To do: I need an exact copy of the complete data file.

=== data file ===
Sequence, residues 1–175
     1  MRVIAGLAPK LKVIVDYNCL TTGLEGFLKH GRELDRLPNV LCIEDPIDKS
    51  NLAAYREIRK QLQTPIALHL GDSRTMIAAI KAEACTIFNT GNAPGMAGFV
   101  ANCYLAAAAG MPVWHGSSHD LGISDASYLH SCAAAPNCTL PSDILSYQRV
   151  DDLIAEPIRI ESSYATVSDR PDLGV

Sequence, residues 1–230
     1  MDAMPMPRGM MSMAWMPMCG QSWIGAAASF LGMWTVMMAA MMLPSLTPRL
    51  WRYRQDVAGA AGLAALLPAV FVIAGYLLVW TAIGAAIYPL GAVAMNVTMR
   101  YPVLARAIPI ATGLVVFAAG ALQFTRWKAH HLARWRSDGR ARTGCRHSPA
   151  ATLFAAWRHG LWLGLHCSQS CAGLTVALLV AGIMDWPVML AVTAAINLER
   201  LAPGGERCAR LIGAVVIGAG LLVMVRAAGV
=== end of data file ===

Sequence, residues 1–175
     1  MRVIAGLAPK LKVIVDYNCL TTGLEGFLKH GRELDRLPNV LCIEDPIDKS
    51  NLAAYREIRK QLQTPIALHL GDSRTMIAAI KAEACTIFNT GNAPGMAGFV
   101  ANCYLAAAAG MPVWHGSSHD LGISDASYLH SCAAAPNCTL PSDILSYQRV
   151  DDLIAEPIRI ESSYATVSDR PDLGV

Sequence, residues 1–230
     1  MDAMPMPRGM MSMAWMPMCG QSWIGAAASF LGMWTVMMAA MMLPSLTPRL
    51  WRYRQDVAGA AGLAALLPAV FVIAGYLLVW TAIGAAIYPL GAVAMNVTMR
   101  YPVLARAIPI ATGLVVFAAG ALQFTRWKAH HLARWRSDGR ARTGCRHSPA
   151  ATLFAAWRHG LWLGLHCSQS CAGLTVALLV AGIMDWPVML AVTAAINLER
   201  LAPGGERCAR LIGAVVIGAG LLVMVRAAGV